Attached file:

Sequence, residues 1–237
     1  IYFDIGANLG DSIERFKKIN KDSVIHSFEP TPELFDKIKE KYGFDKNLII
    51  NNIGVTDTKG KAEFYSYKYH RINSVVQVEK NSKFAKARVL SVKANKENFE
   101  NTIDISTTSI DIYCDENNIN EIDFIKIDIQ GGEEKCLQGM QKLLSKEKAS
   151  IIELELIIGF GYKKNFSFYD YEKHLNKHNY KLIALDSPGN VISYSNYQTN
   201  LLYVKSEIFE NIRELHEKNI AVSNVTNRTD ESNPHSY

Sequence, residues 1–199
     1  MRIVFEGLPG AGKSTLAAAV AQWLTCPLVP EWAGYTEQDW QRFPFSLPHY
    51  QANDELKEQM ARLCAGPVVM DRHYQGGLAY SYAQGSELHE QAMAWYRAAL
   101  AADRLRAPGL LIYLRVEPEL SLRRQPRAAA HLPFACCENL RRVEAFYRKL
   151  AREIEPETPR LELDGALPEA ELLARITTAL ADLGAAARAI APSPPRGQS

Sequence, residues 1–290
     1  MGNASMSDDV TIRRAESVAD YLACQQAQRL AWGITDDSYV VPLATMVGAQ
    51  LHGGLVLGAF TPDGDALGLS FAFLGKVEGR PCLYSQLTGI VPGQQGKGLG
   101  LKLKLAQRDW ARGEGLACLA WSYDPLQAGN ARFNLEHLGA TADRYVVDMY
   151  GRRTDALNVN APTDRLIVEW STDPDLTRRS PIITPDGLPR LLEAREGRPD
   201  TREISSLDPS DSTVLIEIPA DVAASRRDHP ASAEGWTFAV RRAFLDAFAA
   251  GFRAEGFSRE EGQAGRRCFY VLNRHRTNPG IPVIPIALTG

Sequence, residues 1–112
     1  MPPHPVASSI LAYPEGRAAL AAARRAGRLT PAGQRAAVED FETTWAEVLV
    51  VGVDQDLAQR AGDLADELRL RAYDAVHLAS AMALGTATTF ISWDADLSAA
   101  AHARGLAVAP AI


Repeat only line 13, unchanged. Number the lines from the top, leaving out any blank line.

     1  MGNASMSDDV TIRRAESVAD YLACQQAQRL AWGITDDSYV VPLATMVGAQ